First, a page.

Kaliningrad Oblast, is a Russian exclave between Poland and Lithuania on the Baltic Sea.

Russian warplanes almost daily fly from mainland Russia to the airbases located in the 15,100 sq km (5,800 sq mi) exclave where about 1 million Russian and Russophone people live.

Several military planes, including the Su-27 Flankers involved in the recent, dangerous close encounters with U.S. and NATO planes over the Baltic Sea, are currently flying from Chernyakhovsk, a naval air base located in the central region of the exclave.

Russian warplanes usually deployed to Chkalovsk, Kaliningrad’s largest airfield, located 9 km northwest of Kaliningrad and able to accomodate bombers and interceptors. However, the base is being repaired and all the activities have moved to Chernyakhovsk were QRA (Quick Reaction Alert) is provided by  Su-27 Flankers. Single ones since, unlike NATO planes that operate in pairs during air policing missions, Russian planes are scrambled singularly.

According to a rough translation provided by some readers and Twitter followers, the service aired by Zvezda (a Russian nationwide TV network run by the Russian Ministry of Defense) explains that, while securing the western borders of the motherland, Russian pilots constantly train for air-to-air combat, flying several daily sorties.

“There are sufficient resources are on duty to defend from any intruder.”

The interviews with pilots do not unveil anything special; still, the footage is interesting as it shows the flight ops in Kaliningrad: something you don’t see too often.

H/T @oplatsen and @alcebaid for the help with the translation


U.S. spyplane aggressively intercepted by Russian Su-27 over the Baltic Sea

It looks like a Su-27 Flanker performed a reckless intercept on a U.S. RC-135U over the Baltic Sea.

On Apr. 7, a U.S. RC-135U flying in international airspace was intercepted over the Baltic Sea, off Kaliningrad Oblast, by a Russian Su-27 Flanker fighter jet.

According to the Pentagon, the Russian plane buzzed the American spyplane and then performed two close high speed passes: a “reckless” and “unprofessional” behaviour according to U.S. officials.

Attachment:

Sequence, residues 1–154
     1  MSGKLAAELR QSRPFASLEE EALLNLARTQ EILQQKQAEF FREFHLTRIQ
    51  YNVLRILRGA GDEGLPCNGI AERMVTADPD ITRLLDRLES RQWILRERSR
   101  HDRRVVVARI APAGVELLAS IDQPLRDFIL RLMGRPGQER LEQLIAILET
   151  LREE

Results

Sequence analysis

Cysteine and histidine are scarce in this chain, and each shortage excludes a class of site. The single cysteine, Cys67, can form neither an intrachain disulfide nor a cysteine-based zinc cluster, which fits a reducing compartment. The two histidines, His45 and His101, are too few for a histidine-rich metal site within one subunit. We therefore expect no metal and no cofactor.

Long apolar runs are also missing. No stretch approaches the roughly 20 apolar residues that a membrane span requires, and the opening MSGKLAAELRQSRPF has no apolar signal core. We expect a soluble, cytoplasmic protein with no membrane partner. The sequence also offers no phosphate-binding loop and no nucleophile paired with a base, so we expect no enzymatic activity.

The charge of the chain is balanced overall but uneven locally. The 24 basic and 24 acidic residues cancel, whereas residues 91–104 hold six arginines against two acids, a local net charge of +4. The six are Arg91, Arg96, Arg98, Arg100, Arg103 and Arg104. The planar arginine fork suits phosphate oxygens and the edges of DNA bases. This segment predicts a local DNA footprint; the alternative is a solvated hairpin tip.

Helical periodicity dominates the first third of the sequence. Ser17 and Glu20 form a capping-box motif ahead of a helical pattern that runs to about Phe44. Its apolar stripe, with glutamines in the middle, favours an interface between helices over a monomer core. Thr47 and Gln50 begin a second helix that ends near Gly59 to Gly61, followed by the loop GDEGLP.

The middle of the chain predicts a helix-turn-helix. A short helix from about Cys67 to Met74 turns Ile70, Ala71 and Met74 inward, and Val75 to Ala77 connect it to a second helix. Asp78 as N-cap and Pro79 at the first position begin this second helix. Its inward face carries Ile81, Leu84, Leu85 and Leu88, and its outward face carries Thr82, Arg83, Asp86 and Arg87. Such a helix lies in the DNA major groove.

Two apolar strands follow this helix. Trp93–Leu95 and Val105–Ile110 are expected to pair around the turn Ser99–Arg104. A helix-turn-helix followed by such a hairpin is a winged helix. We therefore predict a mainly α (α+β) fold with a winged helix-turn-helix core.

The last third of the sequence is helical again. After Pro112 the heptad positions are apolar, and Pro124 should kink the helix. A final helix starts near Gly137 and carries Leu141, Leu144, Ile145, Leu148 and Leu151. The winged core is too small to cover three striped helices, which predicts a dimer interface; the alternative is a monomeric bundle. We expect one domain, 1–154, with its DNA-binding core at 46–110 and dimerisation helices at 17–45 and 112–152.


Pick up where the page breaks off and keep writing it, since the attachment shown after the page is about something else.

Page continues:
Needless to say, the Russians deny the American report of the two planes near colliding during the intercept.

Russia’s Defense Ministry spokesman Maj. Gen. Igor Konashenkov said the RC-135U was intercepted after the Russian radars detected an unidentified airborne target over the Baltic, flying with its transponder switched off, towards the Russian border.

According to the Russian MoD, no emergency situation was registered during the close encounter and the intercept mission went as routine.

The Su-27 reached its target, flew around it several times, identified it as an RC-135U and reported its tail number to the ground control: more or less the same procedure NATO or U.S. planes follow when the intercept and shadow Russian spyplanes in northern Europe.

However, unless very slow-moving aircraft are intercepted, fighter jets usually don’t need to fly around the aerial target “several times”: they approach the target from astern and slowly get closer until the pilots can visually read the serials, registration etc.

Multiple passes are usually flown when interceptors can’t fly as slow as their targets and perform several passes to identify the aircraft and get all the details they need to transmit to the ground radar.

This is not the first time Russian pilots are accused to perform unsafe intercept missions on NATO or US planes: last year a Russian Su-27 Flanker performed a dangerous intercept putting itself within 10 meters of Swedish ELINT plane. Earlier a U.S. RC-135U spyplane and Russian Su-27 were involved in one of the most dangerous aerial encounters since the Cold War in the skies north of Japan.